An Open Letter to Working Mothers

Perception Is Not Reality

 

Working mothers: we see them, we know them, we are them. We know the struggles and sometimes we jump in to help them, other times we don’t.

And we judge. We always judge.

That one at dance has it all figured out. That other one who is late to the bus stop every day, surely does not. What a hot mess.

Yet life continues to show us that, what we perceive to be true is not the reality that others are living.

As a busy mother of two boys and a business owner, I seem to have this ‘it will get better’ conversation often. My answers change (which means a curse more or less) depending on how well acquainted I am with the other person, but for the most part, it’s a broken record.

Two years ago, I took a tremendous leap of faith. I opened a business center for small business owners. It’s part of this wildly insane vision that hasn’t let me go, ever since I had my kids. And as it I wasn’t crazy enough, I expanded it a few months ago.

As I signed a lease agreement with a woman who came into the office with 3 of her 4 kids in tote, the conversation and attention immediately went to, “Let me know when you plan on bringing yours to the office so I can bring mine too… they can keep each other company.”

Hell. to. the. yes!  I know you know what a relief that is.

I don’t like to make assumptions, but I could see the relief in her eyes. The kind of relief you feel when you know you can get some work done, and your kiddos are going to be out of your hair, if only for just a few hours.

If you’ve ever been to my office or to an ETTWomen meeting, 7 times out of 10, my boys will be there. They have become an integral part of the work I do because it is meant for women like me.

There are a lot of us out there. Some are just waiting for permission to come out in full swing. If you are reading this and didn’t think you had a place to turn to, know that there’s a tribe of women like us waiting for you and your kids with open arms.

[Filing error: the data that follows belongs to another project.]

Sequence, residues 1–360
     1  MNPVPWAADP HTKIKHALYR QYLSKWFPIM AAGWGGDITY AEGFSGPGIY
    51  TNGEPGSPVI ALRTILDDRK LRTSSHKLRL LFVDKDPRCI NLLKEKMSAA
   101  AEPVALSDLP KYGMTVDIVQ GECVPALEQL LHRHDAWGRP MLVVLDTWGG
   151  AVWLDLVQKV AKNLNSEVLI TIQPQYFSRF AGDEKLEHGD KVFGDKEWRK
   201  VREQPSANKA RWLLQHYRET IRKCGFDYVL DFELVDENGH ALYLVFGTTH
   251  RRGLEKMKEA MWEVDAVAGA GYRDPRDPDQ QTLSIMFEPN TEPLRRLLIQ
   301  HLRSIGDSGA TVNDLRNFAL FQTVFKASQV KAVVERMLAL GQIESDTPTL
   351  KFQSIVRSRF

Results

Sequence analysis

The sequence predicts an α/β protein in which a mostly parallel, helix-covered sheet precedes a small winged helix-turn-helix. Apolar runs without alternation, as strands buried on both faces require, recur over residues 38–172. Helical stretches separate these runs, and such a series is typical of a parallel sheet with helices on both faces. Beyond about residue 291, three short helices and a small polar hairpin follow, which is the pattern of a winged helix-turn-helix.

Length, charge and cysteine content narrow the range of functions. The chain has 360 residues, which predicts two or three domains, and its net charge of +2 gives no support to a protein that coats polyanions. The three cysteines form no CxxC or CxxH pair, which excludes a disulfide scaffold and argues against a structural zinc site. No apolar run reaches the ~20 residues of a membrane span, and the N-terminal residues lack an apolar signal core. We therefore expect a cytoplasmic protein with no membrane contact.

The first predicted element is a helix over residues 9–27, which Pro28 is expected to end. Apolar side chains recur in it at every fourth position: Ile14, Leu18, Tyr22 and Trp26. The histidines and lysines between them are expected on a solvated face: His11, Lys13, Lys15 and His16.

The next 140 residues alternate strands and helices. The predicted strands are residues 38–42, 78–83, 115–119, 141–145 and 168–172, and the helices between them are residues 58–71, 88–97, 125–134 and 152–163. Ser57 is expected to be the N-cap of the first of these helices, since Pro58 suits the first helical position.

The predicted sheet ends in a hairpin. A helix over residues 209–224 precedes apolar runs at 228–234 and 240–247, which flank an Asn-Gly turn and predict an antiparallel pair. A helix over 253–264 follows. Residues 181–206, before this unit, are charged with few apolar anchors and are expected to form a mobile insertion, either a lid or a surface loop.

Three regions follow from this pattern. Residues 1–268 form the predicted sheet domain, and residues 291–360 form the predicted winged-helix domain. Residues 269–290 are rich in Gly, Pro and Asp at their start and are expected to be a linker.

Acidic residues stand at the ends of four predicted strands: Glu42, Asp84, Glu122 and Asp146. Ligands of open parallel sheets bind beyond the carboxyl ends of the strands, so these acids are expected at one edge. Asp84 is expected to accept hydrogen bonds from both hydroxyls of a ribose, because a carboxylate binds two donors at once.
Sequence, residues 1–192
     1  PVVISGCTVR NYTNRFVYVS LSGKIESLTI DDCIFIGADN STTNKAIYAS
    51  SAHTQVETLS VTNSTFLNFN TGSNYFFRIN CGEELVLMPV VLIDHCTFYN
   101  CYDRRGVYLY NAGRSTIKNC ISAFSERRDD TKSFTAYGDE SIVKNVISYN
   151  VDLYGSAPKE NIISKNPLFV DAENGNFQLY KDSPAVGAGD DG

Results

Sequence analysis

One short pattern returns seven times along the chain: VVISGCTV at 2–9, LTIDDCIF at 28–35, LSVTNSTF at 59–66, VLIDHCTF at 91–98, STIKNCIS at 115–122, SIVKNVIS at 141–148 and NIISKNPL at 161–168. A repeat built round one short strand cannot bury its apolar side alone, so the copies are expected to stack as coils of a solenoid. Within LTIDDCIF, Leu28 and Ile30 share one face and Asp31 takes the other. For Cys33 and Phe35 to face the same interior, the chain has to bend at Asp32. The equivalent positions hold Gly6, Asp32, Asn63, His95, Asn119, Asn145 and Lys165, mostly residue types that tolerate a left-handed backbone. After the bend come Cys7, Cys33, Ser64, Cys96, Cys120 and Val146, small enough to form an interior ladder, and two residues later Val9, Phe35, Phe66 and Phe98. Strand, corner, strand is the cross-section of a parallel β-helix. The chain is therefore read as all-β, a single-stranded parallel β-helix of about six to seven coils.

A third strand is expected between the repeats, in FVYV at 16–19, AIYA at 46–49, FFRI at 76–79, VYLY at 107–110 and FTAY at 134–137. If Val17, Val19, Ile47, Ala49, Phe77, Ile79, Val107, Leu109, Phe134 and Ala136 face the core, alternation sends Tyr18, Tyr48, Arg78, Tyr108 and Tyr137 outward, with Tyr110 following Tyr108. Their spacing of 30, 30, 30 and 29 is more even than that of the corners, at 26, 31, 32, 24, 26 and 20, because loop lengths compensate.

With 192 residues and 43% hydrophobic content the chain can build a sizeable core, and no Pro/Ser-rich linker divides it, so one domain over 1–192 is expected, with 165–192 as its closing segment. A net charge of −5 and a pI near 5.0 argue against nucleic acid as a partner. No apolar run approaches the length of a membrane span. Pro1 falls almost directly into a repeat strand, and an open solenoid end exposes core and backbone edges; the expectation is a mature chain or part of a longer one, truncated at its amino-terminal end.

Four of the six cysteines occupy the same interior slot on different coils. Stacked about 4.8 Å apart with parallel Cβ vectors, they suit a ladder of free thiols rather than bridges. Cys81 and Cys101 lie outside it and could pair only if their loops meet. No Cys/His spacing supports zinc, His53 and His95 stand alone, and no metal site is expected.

Working mothers, whether corporate professionals, MLM reps, or full blown entrepreneurs, all want to feel productive. They want to feel like they are helping bring home some (or all) of the bacon, and more importantly, they work for the benefit of their emotional wellbeing. Mom is simply just not all that we are.

People who work tend to enjoy happier and healthier lives. Our physical and mental health is generally improved through working and we recover from sickness quicker and are at less risk of long term illness and incapacity. Wouldn’t you want that for every mother you know?

The pressure to ‘juggle’ for me increases during the summer. Working mothers have an unmatched ability to be laser focused on getting the job done, regardless of screaming toddlers in the background. I’ve seen it and of course, have done it.

So, Dear Working Mother,

Here are my nuggets of wisdom from doing this mompreneur dance for so long:

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1. Just fucking jump. Those ideas you have, those dreams, find a way to get them started. Your life is happening right now. You will never be too old to start pursuing your passions and in that process, know that you are teaching your children some remarkable life lessons. They will thank you for it later in life.